UEFA chief blasts goal-line technology
UEFA president Michele Platini on Thursday spoke out against the use of goal-line technology for Champions League and Europa League matches, citing high costs and said the alternative five-man referee system for Champions League has been essentially mistake-free.
"If we are going to use this goal-line technology in the Champions League and Europe League, then we would have to set it up in every single stadium where matches are played," he said after a UEFA executive committee meeting.
"If we wanted to use goal-line technology, we would have to install it in 280 stadiums and then remove it again for domestic matches," he said.
"It would cost around 54 million euros ($69.26 million) over five years for this technology, so it's quite expensive for the sort of mistake which happens once every 40 years.
"Honestly, I prefer to put more money into youth football and infrastructure than spend it on technology when there's a goal in a blue moon that hasn't been seen by a referee."
FIFA will use goal-line technology in the 2014 World Cup in Brazil. Football's law-making organization approved the use of goal-line technology last July to help referees make decisions in cases where it was not clear whether or not the ball entered the goal.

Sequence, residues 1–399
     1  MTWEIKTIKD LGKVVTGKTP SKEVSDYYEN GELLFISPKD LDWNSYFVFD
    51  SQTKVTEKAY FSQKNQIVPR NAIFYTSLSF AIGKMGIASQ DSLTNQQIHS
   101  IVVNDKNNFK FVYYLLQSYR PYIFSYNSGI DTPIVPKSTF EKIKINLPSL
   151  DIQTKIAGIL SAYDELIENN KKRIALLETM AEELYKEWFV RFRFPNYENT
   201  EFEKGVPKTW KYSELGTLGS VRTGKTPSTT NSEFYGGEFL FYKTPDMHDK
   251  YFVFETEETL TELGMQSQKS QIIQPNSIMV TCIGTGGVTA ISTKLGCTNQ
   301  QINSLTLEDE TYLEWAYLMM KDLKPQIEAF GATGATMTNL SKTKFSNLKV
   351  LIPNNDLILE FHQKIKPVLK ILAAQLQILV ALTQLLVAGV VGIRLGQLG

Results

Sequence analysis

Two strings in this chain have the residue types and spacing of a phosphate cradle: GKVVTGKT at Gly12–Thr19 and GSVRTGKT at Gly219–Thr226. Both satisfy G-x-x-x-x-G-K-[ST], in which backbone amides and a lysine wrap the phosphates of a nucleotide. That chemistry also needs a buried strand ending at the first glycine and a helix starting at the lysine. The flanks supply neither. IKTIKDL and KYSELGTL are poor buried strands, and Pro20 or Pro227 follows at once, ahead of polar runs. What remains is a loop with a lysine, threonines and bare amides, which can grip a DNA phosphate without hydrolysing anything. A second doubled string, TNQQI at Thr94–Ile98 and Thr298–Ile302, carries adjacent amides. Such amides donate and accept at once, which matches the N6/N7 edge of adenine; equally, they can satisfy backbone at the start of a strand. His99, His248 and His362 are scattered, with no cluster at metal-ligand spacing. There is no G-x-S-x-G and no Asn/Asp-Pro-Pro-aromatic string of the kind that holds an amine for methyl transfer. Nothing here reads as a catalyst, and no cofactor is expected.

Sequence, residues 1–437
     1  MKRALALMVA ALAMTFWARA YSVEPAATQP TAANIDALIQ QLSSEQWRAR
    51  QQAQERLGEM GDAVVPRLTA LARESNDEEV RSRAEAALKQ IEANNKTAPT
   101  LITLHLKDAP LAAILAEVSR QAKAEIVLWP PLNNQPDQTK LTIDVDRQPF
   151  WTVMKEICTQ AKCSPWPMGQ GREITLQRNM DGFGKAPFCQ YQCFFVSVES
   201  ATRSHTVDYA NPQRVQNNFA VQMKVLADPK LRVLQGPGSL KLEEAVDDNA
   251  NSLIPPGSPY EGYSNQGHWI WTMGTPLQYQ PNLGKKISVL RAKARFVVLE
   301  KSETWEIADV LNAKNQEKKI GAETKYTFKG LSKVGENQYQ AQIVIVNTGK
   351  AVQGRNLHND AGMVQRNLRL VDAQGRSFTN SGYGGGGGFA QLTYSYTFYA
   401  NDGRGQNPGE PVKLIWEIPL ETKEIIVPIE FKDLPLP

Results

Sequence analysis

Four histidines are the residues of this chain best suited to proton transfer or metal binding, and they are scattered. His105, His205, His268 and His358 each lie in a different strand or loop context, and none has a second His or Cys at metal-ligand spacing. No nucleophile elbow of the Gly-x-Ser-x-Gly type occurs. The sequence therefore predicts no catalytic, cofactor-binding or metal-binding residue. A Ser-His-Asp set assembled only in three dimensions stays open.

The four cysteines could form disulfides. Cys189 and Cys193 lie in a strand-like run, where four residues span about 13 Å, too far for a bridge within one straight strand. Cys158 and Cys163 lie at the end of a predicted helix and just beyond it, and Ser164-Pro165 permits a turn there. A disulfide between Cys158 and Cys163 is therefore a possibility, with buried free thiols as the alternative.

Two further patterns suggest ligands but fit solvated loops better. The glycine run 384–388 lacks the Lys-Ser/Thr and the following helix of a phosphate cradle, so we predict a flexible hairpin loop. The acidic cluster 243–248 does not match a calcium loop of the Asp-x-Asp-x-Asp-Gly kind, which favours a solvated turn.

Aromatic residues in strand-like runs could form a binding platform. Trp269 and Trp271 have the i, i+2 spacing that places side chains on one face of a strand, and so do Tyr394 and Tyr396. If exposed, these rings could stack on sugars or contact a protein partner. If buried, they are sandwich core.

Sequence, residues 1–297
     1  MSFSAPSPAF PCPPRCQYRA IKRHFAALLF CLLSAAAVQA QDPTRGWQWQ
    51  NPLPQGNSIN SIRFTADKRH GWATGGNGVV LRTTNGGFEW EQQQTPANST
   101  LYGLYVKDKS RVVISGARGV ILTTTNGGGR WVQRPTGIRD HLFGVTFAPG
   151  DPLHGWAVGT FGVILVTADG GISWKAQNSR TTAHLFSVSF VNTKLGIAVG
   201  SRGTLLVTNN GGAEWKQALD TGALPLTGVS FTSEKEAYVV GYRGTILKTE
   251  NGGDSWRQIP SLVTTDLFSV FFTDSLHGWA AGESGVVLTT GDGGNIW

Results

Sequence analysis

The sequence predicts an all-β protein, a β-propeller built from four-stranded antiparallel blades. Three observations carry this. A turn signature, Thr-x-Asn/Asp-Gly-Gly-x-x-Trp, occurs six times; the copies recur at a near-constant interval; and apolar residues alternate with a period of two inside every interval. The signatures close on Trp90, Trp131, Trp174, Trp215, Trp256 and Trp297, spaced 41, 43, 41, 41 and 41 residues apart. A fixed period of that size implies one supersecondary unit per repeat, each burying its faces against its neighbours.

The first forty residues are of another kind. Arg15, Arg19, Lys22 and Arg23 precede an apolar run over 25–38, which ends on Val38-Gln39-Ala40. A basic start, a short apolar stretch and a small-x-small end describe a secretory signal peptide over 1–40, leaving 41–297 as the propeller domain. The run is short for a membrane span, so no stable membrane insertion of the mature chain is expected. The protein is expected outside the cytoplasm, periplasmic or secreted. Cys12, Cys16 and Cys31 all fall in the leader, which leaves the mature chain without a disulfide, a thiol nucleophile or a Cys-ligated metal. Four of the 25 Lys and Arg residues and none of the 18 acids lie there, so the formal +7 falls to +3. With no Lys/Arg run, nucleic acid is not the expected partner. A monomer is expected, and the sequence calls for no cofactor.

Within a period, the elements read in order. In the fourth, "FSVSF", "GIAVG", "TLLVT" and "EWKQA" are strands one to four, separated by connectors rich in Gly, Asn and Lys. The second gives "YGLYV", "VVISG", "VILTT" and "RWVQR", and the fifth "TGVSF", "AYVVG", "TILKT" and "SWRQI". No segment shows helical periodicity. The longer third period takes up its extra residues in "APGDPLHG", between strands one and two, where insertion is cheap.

UEFA developed an alternative system featuring an extra linesman on each goal-line, which was also approved last year and used in Italy's Serie A and the Brazilian championship.
"In the Champions League, I'm very happy with the results. Practically no mistakes have been made and the referees see practically everything that happens on the pitch," said Platini.
"At the very least, they see everything although there is also the question of how they interpret what they see."
Information from Efe News Agency was used in this report.